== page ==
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Scaffold Mindful Silent Reading

Corwin Press
Help students internalize and routinize their reading comprehension monitoring with this sample lesson.

One way to scaffold mindful silent reading is by teaching students a set of prompts or procedures to use as they read. This type of scaffolding helps students to engage in mindful reading but gradually releases to them the responsibility for using a variety of cognitive strategies, such as activating prior knowledge and questioning the author. A sample lesson is shown below.

Another way to scaffold silent reading for comprehension is to teach six signals that indicate a need for comprehension repair. These signals function as prompts for struggling readers to help them internalize and routinize comprehension monitoring.

6 Signals

  • The inner voice inside the reader’s head stops its conversation with the text and only the reader’s voice is heard pronouncing the words.
  • The camera inside the reader’s head shuts off, and the reader can no longer visualize what is happening.
  • The reader’s mind begins to wander, and the reader becomes aware of thinking about something far removed from the text.
  • The reader cannot remember or retell what has been read.
  • The reader is not getting clarifying questions answered.
  • Characters are reappearing in the text and the reader doesn’t recall who they are.

Sample Lesson for Scaffolding Silent Reading (15-20 minutes)

First Read

Teacher script

Before you read, think about what you already know about the topic. Also look for two words that might be challenging. Underline those words or put a sticky arrow on them.

Student action

Students skim through the text looking for challenging words. They underline them or put down a sticky arrow.

___________

Teacher script

Now read the passage silently. If you finish reading before others, please write a sentence telling the main idea of the passage on your whiteboard.

Student action

Students take as much time as they need to read the passage silently.

__________

Teacher script

Now that you have read the passage, write down a few words or phrases that will help you remember what is important about the topic.

Student action

Students jot down their key words or phrases or construct or complete a simple graphic organizer.

Second Read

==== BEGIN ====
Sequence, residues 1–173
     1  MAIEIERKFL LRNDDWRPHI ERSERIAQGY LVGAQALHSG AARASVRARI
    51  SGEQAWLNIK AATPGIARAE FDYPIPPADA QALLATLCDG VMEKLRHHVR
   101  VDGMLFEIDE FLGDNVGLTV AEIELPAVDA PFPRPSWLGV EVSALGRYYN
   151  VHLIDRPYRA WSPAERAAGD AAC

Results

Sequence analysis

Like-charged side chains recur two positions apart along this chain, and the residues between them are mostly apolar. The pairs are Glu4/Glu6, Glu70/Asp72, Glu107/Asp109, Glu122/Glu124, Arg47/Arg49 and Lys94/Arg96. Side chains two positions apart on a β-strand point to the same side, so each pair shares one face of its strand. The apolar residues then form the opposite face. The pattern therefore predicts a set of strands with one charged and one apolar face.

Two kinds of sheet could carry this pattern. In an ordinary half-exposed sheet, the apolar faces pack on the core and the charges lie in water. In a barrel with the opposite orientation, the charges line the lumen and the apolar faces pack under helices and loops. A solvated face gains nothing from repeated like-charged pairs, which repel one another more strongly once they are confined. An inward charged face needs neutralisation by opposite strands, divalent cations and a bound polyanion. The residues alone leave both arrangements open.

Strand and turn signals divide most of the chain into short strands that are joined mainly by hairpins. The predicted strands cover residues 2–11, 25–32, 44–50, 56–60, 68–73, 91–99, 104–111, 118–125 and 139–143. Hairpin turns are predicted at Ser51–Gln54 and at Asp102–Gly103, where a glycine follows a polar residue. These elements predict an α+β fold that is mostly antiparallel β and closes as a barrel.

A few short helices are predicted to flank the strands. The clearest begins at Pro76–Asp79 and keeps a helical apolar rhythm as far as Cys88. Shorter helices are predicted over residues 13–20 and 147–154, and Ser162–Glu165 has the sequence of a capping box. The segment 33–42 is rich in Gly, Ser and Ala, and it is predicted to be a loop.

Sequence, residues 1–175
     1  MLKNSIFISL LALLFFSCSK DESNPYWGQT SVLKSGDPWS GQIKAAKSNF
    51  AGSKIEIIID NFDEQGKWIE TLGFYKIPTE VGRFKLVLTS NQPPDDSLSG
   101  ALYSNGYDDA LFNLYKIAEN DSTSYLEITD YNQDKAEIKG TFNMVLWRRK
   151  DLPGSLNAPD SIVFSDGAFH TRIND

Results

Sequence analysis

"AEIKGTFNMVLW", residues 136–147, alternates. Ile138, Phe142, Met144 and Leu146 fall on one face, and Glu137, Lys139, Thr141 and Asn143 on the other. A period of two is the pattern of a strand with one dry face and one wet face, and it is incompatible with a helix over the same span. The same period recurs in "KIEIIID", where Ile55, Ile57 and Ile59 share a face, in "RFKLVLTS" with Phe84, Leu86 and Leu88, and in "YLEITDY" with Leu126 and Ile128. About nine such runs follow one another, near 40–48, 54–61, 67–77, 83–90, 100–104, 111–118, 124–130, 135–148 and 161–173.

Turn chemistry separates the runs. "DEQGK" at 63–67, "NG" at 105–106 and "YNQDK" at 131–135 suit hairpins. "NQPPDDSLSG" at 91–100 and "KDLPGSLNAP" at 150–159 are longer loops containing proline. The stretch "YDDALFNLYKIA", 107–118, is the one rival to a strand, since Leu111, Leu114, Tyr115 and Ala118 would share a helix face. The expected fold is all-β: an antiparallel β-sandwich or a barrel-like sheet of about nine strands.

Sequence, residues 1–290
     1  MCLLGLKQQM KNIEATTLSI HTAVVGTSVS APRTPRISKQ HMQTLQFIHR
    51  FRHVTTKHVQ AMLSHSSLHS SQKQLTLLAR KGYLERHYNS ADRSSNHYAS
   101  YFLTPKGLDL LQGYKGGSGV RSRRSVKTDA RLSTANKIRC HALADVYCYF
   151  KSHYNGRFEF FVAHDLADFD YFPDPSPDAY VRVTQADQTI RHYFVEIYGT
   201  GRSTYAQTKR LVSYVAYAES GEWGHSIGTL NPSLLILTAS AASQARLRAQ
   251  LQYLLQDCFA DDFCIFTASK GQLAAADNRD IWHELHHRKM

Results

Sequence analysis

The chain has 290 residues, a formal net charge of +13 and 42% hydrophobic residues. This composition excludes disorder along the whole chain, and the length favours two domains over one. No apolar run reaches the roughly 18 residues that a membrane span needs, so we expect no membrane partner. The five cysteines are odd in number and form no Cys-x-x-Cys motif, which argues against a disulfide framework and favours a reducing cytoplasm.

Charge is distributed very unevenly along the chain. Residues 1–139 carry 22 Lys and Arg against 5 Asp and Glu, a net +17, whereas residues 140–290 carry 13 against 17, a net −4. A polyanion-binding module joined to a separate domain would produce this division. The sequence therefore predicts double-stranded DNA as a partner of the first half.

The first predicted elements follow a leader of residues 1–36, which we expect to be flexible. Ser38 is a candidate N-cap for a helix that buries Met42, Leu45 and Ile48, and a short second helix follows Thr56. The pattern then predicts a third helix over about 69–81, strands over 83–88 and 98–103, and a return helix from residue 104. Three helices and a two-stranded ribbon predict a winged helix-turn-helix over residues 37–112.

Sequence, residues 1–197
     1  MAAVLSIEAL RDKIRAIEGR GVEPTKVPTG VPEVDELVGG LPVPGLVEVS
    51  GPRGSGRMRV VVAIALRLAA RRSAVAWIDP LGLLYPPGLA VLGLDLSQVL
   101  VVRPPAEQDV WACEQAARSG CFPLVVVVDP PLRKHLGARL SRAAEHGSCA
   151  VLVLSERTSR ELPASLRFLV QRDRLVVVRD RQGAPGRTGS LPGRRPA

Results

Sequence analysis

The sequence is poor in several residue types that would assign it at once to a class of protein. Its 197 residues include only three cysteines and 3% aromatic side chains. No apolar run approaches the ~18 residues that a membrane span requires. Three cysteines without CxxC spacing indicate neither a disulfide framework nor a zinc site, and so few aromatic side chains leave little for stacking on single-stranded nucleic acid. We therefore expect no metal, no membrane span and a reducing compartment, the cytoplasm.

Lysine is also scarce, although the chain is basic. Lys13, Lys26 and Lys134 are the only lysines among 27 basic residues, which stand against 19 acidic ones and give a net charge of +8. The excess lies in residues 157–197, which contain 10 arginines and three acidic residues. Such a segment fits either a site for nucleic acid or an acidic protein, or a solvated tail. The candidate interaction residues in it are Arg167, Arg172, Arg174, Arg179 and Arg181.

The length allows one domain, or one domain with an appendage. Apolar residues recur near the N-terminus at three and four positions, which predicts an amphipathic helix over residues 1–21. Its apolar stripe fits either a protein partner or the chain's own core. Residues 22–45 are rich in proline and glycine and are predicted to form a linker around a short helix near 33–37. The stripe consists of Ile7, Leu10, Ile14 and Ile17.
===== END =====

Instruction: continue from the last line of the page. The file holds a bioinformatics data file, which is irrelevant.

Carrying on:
Teacher script

Now I’m going to read the selection aloud as you read along silently. Follow along with me. (Teacher reads the passage aloud at the target rate per minute.)

Student action

Students follow along as the teacher reads orally.

__________

Teacher script

What is one thing the author wants you to remember from this selection? Write it on your whiteboard.

Student action

Students write down what they think the author wants them to remember on a whiteboard or in their reading journal.

Third Read

Teacher script

Now read the selection one more time. Your goal is to read as much of the passage as you can in one minute. (Teacher stops the reading after one minute and tells students to circle or put down a sticky arrow on the last word they read before time was called.)

Student action

Students read the passage silently. Students circle or put down a sticky arrow on the last word read.

__________

Teacher script

Write a question on your white board that you would like to ask the author if he or she were here in the classroom with us.

Student action

Students write their questions.

__________

Teacher script

Let’s ask each other some of these questions and see if we can read the author’s mind.

Source: Adapted from Heibert (2003) and Heibert and Fisher (2002).

One caveat before you are tempted to give your struggling students a handout with these six signals listed and announce that whenever these things happen, they need to refocus their attention. Struggling readers won’t know what you are talking about. They hear no inner voices. They see no cameras or video recorders. Start from scratch and think aloud for students about one signal at a time. Explain very clearly what your inner voice is saying to you at various times. Tell them precisely where you zoned out and started thinking about what you were going to have for lunch. Then as you work with them in scaffolded silent reading groups, stop the reading every five minutes to talk about what their inner voices were saying when you called time. After spending a week or two with the inner-voice prompt, try the camera prompt. These will be new insights for your students and perhaps even for you as a reader.

McEwan, E.K. (2009). Teach them all to read. Thousand Oaks, CA: Corwin Press.
Source
Teach Them ALL to Read